I have been in full pudding mode thanks to the flu, but my dear friends in LA have been working hard to create this #inspiredbyCPS LEGO space for their (almost!) six year old son. His baby sister is now on the move and Oliver was desperate for a nook in their apartment where he could build away from interested little hands. With a few clicks on Amazon, they had the perfect place for him to build – a wall mounted shelf desk, organized LEGO storage drawers, wall shelving for displaying his creations, and artwork/lighting for aesthetics (the lightbulb in the hanging light even changes colors so Oliver can set it for “different moods” :). He was so excited at the finished product he didn’t even wait for them to clean away their tools before he started building!
You might have noticed that I use mirrors in all my installs – inside and out. Aesthetically, they are an easy and inexpensive way to make your space feel bigger and brighter. I love adding large mirrors on walls opposite windows to reflect light, over desks and work spaces, or hung low to the ground so our small humans can watch themselves play and learn (side note – all kids love looking at themselves in the mirror).
A long or full length mirror is also essential for your dramatic play nook (how else can you admire yourself post dress-ups?).
Outside I often hang mirrors over/around sandboxes and mud kitchens, but you can choose to hang anywhere where you want to add a little more dimension.
You can look to thrift a large (my general go-to) or get something simple like the NISSEDAL mirror from IKEA.
I also love to use small mirrors in play. You can buy acrylic mirror sheets, which are non breakable and make a really lovely play surface – for inside and out (note they will eventually get scratched). I’ve also used smaller square mirror sheets to create mirrored trays for a more portable play surface/display case.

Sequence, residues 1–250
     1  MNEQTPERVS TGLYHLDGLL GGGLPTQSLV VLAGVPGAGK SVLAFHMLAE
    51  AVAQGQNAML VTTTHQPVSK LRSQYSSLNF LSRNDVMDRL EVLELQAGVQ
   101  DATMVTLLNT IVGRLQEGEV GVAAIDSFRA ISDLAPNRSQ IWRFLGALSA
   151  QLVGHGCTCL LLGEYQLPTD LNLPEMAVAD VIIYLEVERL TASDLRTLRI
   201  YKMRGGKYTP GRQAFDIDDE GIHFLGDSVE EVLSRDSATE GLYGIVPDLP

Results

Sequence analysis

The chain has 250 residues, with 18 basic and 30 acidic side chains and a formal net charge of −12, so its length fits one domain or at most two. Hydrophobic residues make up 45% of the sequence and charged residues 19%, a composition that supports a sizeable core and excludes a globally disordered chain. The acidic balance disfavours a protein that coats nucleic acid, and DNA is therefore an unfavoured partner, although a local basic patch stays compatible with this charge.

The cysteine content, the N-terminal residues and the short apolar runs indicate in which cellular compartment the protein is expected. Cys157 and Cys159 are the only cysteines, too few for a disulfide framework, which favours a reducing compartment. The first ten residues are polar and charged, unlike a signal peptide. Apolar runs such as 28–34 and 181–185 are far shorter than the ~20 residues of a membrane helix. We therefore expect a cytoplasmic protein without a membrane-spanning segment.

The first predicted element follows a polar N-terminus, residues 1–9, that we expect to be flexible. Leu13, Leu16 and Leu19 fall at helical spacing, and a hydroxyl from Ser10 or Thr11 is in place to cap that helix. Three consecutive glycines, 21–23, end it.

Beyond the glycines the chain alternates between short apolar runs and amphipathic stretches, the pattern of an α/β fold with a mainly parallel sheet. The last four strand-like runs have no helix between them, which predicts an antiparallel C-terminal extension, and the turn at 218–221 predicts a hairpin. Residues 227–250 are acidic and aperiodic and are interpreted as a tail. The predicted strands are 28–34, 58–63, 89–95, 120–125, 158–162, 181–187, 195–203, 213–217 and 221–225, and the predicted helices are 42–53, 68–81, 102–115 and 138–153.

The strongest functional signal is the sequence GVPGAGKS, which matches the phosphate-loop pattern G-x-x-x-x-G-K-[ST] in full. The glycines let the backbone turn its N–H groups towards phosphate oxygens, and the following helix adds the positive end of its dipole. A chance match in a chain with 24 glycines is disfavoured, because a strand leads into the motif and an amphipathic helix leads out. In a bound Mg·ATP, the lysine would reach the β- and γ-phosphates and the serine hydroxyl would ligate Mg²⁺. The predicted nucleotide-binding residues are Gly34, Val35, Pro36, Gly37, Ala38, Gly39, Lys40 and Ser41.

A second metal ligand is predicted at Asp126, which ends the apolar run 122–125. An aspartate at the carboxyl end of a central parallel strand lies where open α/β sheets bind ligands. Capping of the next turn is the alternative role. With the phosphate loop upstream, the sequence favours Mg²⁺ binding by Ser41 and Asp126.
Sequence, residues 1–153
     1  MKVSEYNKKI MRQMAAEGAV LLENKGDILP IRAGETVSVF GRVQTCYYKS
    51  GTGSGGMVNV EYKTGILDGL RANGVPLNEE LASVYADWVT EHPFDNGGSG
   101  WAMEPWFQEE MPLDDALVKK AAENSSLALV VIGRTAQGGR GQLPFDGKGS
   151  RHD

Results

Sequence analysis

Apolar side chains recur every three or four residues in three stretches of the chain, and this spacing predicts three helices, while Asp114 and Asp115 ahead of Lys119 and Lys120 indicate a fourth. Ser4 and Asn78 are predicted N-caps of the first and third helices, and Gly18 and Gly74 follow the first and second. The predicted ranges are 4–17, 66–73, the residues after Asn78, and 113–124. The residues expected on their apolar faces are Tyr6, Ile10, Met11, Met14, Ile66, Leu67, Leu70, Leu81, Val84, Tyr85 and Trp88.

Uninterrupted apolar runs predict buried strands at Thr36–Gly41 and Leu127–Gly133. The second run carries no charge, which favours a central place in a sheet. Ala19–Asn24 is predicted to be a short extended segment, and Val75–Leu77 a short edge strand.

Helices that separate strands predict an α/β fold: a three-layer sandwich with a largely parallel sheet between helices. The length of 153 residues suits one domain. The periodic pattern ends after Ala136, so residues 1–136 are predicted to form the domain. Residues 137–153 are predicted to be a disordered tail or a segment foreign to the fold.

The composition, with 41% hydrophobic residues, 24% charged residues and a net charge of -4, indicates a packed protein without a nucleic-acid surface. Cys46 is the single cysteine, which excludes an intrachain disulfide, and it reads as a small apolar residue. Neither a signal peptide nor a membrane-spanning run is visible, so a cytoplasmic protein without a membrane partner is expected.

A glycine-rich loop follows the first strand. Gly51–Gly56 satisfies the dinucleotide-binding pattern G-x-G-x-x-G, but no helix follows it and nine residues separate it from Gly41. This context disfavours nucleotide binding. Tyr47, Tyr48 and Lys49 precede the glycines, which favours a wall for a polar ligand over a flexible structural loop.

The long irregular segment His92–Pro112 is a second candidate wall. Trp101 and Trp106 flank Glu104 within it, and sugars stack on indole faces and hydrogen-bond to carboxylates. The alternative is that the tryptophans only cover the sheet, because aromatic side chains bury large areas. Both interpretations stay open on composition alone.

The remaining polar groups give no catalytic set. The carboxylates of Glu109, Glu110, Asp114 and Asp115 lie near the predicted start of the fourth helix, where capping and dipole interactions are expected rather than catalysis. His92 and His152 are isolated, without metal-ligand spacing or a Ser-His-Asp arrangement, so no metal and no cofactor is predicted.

I also keep a couple of table top/hand mirrors with my art cart. They are great when drawing portraits or for adding a new dimension to still life artworks. You can also use the acrylic mirror sheets as a washable canvas.
Addie and Charlotte are such creative kids, with art and craft materials to rival a professional artist. Charlotte loves American Girl Dolls, and has an enviable collection of dolls and their fashions/accessories. Both girls also love LEGOs. All of this adds up to a lot of stuff but not a lot of space to put it all. This equaled a main level play space that was overflowing and muddled with art supplies and toys, while their basement play space was being underutilized.
This is where I come in. :) Their lovely parents were keen to find ways to maximize their play spaces and create better storage and organization. They also wanted to keep with the same beautiful aeshtetic on the main level they had created with their custom pieces from Forty Third Place. Here’s what we did:Continue reading “Addie + Charlotte’s Play Space | January 2020”
I can’t think of a better way to end the decade than by being given the privilege to create a brand new play space for two wonderful tiny humans. When I visited their home for a consult, the kids main play space was the open concept living room that connected with the kitchen. Having toys in this space works well, because it’s a great space for the kids to play when a parent is cooking and they want to be close. But the room as overflowing and with the prospect of a new play kitchen coming for the holidays, something new had to be done. The kids’s bedrooms were also jam packed with toys, most stored in way that they just weren’t being used.
The solution was creating a new play space in the finished basement, that up until now had double as holding place for things that needed storing or donating.Continue reading “Nathan + Maren’s Play Space | December 2019”
Lucky me! This was the second play space I have helped to create for Evie and John. The first in their old home, and this new space in the finished basement of their new home. Their parents were keen to create a space where both kids would want to play independently/together, without the need for constant parental supervision or help. They wanted this space to be the main hub for toys, and a place that the kids’ friends could run amok and have fun in.
The rundown when I arrived:
- The space had been freshly painted white to help brighten the mostly windowless room, painters tape still needed to come down.
- There was a large dresser in the space that was slated to be sold.
- There was a gorgeous pile of artwork in need of displaying.
- More functional storage options were needed for toys/materials.
- The bunkbed was being underused and the top space used for storage.